The Dark Knight Rises (2012) Film Review


Like many, many cinemagoers, I was ridiculously excited about this film. Although, having said that, I haven’t re-watched Batman Begins or The Dark Knight, I didn’t participate in a movie marathon of these three films and I didn’t go to a midnight screening, or even a screening over the first weekend.  I guess I am not a truly dedicated, passionate, obsessed fan. But I was still ridiculously excited.

I don’t want to recount the plot at all. If you haven’t seen the first two, get them out and watch them, then go see it. If you don’t want to, then there may be some things you don’t understand. Deal with it. All I’ll say is that the film is set several years after the last film and Gotham is a safe city. A lot of the characters are back – Bruce Wayne/Batman (Christian Bale), Alfred (Michael Caine), Fox (Morgan Freeman), Commissioner Gordan (Gary Oldman). And we’ve got some new ones – Bain (Tom Hardy), Blake (Joseph Gordon-Levitt), Selina/Catwoman (Anne Hathaway), Miranda (Marion Cotillard) and the delightful surprise of seeing Ben Mendelsohn, albeit totally underused, as Daggart.

The film had much of the stuff that we’ve come to expect over the previous two films; some gruesome violence, authority figures not trusting each other and lots and lots of explosions. If it’s sounding boring or formulaic, it’s not. Yes, it is long – almost three hours, but time passes quickly in the film. Lives and the whole of Gotham city are transformed. And, in the true nature of cinema, everything rests on the final few seconds. Having said that, I picked several of the twists, which annoyed me. For me to pick up on them, there must have been too many hints. Either that, or I’m getting smarter.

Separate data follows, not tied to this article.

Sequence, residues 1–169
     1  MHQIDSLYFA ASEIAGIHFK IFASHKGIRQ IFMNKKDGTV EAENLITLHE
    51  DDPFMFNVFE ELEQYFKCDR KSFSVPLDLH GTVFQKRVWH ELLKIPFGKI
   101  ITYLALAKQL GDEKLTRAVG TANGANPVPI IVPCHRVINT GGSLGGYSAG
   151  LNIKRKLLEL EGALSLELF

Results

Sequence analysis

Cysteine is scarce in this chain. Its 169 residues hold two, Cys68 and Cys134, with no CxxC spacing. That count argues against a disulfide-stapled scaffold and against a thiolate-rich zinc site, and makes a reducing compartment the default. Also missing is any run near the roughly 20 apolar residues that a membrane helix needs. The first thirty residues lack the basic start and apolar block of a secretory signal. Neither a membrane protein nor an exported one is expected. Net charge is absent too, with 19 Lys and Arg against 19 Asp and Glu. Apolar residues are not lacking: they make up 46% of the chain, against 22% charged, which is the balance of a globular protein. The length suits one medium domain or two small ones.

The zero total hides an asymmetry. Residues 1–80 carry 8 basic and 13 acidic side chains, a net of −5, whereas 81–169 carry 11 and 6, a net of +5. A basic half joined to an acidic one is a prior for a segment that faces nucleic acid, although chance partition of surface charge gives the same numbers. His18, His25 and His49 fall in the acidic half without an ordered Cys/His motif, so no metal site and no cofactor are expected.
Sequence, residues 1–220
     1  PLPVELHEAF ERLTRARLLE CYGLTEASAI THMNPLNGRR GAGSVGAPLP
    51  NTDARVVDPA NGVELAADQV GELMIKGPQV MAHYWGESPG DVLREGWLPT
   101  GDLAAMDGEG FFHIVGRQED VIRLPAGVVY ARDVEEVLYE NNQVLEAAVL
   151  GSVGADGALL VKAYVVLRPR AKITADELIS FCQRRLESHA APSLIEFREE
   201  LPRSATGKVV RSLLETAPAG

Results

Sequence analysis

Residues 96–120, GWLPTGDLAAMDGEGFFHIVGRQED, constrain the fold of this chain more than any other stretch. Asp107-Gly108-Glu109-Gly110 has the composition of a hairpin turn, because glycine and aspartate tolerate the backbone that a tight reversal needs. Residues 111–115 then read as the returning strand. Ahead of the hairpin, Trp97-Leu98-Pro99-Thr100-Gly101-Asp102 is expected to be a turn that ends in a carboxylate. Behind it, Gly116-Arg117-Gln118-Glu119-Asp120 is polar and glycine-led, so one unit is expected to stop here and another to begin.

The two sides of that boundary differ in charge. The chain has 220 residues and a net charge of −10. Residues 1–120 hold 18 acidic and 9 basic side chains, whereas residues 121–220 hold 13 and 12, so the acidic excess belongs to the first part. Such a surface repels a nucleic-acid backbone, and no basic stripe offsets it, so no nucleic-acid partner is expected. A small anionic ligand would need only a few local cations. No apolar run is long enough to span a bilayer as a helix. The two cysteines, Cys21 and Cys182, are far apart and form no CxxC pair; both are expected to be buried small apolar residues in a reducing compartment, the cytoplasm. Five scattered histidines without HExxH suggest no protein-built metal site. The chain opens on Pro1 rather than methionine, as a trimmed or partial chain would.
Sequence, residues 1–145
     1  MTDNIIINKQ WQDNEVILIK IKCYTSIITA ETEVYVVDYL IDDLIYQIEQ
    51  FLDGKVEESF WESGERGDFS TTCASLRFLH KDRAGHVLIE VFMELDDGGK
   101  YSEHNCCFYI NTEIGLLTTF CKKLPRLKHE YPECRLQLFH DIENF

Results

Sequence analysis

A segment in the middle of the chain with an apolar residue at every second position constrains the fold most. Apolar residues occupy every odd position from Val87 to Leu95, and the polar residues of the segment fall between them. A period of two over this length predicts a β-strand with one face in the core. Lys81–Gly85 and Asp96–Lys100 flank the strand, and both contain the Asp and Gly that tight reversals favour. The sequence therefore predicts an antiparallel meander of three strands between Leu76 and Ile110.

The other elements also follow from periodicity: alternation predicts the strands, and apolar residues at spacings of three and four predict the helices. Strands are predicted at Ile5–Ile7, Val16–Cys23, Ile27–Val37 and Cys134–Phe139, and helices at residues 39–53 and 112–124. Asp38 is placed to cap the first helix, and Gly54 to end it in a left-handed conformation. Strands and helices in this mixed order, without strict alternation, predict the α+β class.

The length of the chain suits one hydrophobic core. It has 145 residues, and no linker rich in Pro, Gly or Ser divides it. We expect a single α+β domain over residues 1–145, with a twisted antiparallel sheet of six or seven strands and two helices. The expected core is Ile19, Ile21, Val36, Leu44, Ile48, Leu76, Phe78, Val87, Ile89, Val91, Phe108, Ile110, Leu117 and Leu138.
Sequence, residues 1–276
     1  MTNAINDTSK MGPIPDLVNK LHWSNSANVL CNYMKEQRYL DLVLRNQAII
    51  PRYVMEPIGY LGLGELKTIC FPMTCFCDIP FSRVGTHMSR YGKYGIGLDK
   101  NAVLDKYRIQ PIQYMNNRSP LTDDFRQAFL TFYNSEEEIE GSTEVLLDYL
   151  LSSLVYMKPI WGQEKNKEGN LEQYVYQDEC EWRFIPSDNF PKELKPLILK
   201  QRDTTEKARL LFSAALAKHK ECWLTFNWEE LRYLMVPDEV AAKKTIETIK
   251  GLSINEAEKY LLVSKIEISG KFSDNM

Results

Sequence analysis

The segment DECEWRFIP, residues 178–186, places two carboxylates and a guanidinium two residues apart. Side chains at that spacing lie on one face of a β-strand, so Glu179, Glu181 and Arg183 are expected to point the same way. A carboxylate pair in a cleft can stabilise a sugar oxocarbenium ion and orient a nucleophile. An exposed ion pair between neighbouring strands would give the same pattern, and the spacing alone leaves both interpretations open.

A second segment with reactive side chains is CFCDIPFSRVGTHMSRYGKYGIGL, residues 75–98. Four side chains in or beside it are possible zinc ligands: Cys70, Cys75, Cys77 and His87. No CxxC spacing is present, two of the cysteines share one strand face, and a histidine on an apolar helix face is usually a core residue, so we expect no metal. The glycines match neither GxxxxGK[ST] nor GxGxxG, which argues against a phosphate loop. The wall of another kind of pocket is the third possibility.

There’s been a lot of talk about what the film symbolizes. Is it anti-The Occupy movement? Is it more about anti-capitalist terrorism? I’m not sure what Christopher Nolan intends from the film, how he intends it to be read. For me, it’s an awesome action film with a bit more depth than many, a fabulous cast and is well and truly worth the wait.

See it in the cinema. See it on a big screen with good sound. See it with a big audience. Just see it.

This review first appeared at on August 27, 2012



Full Metal Jacket (1987) – Film Review


From the opening shot with the actors playing the Marine recruits having their heads roughly shaved at the start of the training, Kubrick captures the life in US service during the Vietnam War. It follows the recruits being relentlessly tormented by Gny. Sgt, Hartman (R. Lee Ermer) through their training then following them to Vietnam; to the impatience of life on base to the horrors of life in the field.

There really can be no denying that Kubrick was a master filmmaker. I wonder if a film now could be made with the long, drawn out establishing shots like this. Kubrick captures so many stages of life as a Marine. The destruction of the spirit of less capable recruits like Private Leonard (Vincent D’Onofrio); the anger and bloodlust of some in the field like Animal Mother (Adam Baldwin); the speculation and curiosity of the observer journalist/soldier like Joker (Matthew Modine). It’s a beautiful and horrible yet magnificent film.

Full Metal Jacket was nominated for an Oscar for Best Writing, Screenplay Based on Material from Another Medium.